And to round out the fifth story on COUNTDOWN, rejoining the family of nations has its positives and its negatives. Ask Libyan leader, Moammar Qaddafi. Arriving in Brussels, his first visit to the West in 15 years, but Colonel's photo-op was interrupted by a protester brandishing an envelope. Qaddafi may have been off the A list all this time, but it has not dulled his political reflexes. He just kept smiling and shaking hands while security with, not so much, great alacrity tried remove the unidentified man who wound up finally flinging the envelope at the colonel and missing him. The man might have mistaken Qaddafi for the actor Ian McShane, who plays the lead on the new HBO series "Deadwood." It's possible he was just asking for an autograph. Keep smiling.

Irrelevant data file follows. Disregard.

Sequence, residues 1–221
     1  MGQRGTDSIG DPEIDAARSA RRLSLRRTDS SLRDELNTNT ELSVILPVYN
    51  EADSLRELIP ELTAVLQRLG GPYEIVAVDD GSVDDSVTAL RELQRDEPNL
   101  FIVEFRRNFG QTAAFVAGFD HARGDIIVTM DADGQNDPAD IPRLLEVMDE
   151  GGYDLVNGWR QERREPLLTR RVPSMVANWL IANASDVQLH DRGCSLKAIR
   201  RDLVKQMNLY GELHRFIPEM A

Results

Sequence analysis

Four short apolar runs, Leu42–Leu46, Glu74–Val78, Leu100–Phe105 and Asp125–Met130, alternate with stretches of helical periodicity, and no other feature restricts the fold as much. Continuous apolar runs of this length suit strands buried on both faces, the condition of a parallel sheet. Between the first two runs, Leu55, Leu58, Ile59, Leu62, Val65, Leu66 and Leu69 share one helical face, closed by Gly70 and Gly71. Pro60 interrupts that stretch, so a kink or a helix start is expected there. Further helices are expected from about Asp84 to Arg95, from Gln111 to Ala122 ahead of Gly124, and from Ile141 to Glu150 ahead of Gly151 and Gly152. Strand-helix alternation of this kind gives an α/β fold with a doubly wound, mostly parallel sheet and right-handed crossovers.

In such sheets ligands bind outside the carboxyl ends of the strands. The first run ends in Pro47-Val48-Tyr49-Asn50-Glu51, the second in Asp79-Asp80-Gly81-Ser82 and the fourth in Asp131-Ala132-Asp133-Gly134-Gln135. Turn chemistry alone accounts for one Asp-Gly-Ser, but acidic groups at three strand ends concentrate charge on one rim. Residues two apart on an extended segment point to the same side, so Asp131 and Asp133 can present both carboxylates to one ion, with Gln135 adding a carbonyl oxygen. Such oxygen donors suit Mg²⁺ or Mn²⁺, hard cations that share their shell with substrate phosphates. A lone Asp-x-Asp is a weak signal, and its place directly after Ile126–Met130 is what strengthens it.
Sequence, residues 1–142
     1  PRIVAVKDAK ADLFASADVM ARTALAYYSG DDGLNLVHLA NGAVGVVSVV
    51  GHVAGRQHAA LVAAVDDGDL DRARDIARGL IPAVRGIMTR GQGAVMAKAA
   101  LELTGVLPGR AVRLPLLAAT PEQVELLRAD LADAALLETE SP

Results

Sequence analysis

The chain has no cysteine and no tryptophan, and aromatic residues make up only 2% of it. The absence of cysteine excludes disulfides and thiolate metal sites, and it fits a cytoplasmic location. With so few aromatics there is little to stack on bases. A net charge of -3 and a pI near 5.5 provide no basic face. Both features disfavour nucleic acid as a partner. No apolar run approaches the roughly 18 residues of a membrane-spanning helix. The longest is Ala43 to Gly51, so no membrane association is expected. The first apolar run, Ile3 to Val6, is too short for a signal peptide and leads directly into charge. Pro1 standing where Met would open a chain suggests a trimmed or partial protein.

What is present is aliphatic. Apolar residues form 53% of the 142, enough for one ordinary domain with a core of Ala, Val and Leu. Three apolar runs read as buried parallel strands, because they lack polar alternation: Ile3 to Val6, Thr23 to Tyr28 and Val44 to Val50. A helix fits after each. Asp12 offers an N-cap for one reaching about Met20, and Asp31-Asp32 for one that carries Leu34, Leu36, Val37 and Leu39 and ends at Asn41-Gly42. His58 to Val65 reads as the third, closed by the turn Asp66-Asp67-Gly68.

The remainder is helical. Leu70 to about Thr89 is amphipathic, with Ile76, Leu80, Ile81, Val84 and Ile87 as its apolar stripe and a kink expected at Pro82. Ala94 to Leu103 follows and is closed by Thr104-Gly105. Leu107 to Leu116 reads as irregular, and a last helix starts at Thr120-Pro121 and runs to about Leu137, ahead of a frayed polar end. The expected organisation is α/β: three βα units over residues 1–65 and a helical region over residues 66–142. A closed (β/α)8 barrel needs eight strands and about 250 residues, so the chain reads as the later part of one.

COUNTDOWN opens with all the day's headlines on the war on terror:
The good, the bad, and the weird.
Still to come, The war of the medals controversy: The GOP questions Kerry; Kerry questioned Bush; we'll question somebody who was there.
But up next, tonight's No. 4 story: The death of Princess Diana. No matter how you feel this conspiracy theory might be a silly thing, Scotland Yard is taking it seriously. So seriously they may interrogate the prince. Stand by.
OLBERMANN: Tonight's No. 4 story up next. Prince Charles could soon be answering questions from Scotland Yard's finest. The topic: The death of his ex-wife. Stand by.